We found that our intervention was most effective at reducing interruptions from other nurses. The intervention had no substantial impact on the rate at which patients interrupted nurses, contrary to concerns that have been voiced in the literature that such interventions may inhibit patients from seeking help when needed.17 In an interesting study, Palese et al24 investigated patients' interpretation of three different messages on ‘Do not interrupt’ vests and found that regardless of the message, patients on average expressed only modest agreement in terms of whether they thought that the do not interrupt message was directed at them (a mean score of 5.6 on a 10-point scale; 1=message on vest not at all directed at me, 10=message absolutely directed at me).
We found high rates of multitasking by nurses during medication administration tasks, which were unaffected by the intervention. The impact of this workload strategy has been substantially underexplored in healthcare and requires further attention given the deleterious effects of multitasking demonstrated in experimental studies and simulations such as those of driver distraction.8 ,25–27
Methodological issues in observing nurses during medication administration
We investigated several methodological issues related to the conduct of these types of interventional trials. We demonstrated that the use of a single-blinded cluster randomised controlled study was feasible and that blinding regarding the nature of the intervention for the control ward was relatively successful with 70% of control ward nurses indicating at the end of the study that they had not been aware of the ‘Do not interrupt’ vest being trialled.
Direct observation is the most frequent and reliable method for assessing interruptions, yet there are always concerns that the process of observing may influence participants' behaviours consistent with the Hawthorne effect. We found that the majority of survey respondents indicated that when observed they did not feel any different, but around half reported it made them more aware of interruptions and a small proportion paid more attention to medication tasks. Both these later effects are likely to dilute the effect size of any intervention and further emphasises the importance of control groups in any study design.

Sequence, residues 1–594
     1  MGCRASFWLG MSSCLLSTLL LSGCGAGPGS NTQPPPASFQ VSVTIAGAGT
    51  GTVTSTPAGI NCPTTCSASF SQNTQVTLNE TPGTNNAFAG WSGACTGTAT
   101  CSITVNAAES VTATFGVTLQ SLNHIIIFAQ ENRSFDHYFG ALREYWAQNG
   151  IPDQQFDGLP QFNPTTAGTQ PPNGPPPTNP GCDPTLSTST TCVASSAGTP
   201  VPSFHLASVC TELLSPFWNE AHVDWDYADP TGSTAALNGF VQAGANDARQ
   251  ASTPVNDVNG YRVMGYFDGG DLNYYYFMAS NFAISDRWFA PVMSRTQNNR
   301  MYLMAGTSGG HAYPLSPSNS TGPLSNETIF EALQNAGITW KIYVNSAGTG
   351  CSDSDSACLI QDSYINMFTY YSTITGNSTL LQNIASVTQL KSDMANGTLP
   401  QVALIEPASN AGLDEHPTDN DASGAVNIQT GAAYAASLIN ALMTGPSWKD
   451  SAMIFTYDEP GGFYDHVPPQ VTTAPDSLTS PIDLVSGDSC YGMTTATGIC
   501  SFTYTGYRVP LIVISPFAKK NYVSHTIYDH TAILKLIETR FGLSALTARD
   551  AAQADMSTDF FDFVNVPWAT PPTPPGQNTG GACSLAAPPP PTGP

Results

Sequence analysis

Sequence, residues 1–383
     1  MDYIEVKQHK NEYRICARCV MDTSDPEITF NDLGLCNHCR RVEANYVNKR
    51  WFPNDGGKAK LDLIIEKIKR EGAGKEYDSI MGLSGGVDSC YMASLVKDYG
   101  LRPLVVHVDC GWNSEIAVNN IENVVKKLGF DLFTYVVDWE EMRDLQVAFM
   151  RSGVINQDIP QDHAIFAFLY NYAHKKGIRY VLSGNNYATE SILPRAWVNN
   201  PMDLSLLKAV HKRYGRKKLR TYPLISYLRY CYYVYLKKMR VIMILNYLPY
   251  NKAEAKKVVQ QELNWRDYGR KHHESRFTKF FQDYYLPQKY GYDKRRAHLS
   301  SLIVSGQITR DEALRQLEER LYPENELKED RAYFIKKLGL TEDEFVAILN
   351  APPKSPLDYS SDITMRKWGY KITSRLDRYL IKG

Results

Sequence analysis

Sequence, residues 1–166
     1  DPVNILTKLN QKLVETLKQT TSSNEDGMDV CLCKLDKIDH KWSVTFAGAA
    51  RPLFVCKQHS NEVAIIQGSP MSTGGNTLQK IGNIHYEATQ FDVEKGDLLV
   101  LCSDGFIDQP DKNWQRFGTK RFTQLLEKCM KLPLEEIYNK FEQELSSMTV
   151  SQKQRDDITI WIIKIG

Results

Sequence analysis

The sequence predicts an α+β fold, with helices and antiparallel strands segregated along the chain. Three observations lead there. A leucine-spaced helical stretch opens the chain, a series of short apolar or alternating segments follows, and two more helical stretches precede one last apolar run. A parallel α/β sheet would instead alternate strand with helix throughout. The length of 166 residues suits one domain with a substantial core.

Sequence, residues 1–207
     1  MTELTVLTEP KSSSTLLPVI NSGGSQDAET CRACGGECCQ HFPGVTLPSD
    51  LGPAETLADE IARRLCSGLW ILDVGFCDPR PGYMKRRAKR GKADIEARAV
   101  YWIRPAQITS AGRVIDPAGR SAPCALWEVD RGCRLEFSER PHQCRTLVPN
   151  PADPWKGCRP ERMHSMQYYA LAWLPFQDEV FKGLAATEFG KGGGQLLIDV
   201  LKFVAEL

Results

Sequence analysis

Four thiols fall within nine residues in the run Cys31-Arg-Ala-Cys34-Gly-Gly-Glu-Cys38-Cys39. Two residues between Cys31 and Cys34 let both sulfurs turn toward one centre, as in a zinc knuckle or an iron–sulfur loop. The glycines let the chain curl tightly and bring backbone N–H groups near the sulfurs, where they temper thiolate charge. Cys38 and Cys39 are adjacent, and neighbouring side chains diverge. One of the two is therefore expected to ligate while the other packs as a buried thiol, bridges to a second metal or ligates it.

To date, the evidence base has relied almost entirely on uncontrolled before/after studies of intervention effectiveness, which have measured changes in overall interruption rates between wards. Our results showed that not controlling for clustering by ward can significantly affect study conclusions. For example, we found a significant decrease in overall interruption rates but once we controlled for clustering this effect disappeared. No previous study has controlled for such ward effects demonstrating the importance of our trial.
There are some study limitations. First, it was conducted in one hospital and despite blinding around 30% of nurses on control wards reported that they knew that nurses on intervention wards were wearing vests. This may have influenced their own behaviours (though control wards did not have access to vests). Overall, around half of the surveyed nurses indicated that being observed made them more conscious of interruptions. Both these potential sources of bias would have diluted any intervention effects. Second, we had no detailed information about staffing levels, and while no large differences were apparent during the observational sessions we were unable to explicitly consider this factor in the analyses. Third, the impact of interruptions on MAEs and potential patient harm was not assessed in this study. We used published data from studies in similar Australian hospitals to estimate potential reductions in errors to illustrate the clinical effect size of the intervention. This approach is substantially more robust than previous attempts using incident reports to identify errors.4 Fourth, the response rate to the survey was <40% but was spread evenly across nurses on the intervention and control wards.
Overall, these results reinforce the importance of applying rigorous study designs to assess the effectiveness of ‘medication safety’ interventions, particularly those requiring substantial work practice change and resources. The study of interruptions is complex and study designs to measure and assess their effects require equally sophisticated approaches.28 Decisions about the clinical value of ‘Do not interrupt’ interventions must be made in the context of whether there is a statistically significant reduction in interruptions and the potential clinical value of that reduction in relation to the resources the intervention requires and the likely acceptability and sustainability of the intervention.
Contributors All authors contributed to the design of the study. TDH and ECL conducted training, undertook data collection and coordinated the study. LL conducted the data analyses. JIW prepared the manuscript and all authors provided critical review and approved the final version.
Funding National Health and Medical Research Council (Programme grant APP1054146).
Competing interests None declared.
Ethics approval Royal Adelaide Hospital Human Research Ethics Committee.
Provenance and peer review Not commissioned; externally peer reviewed.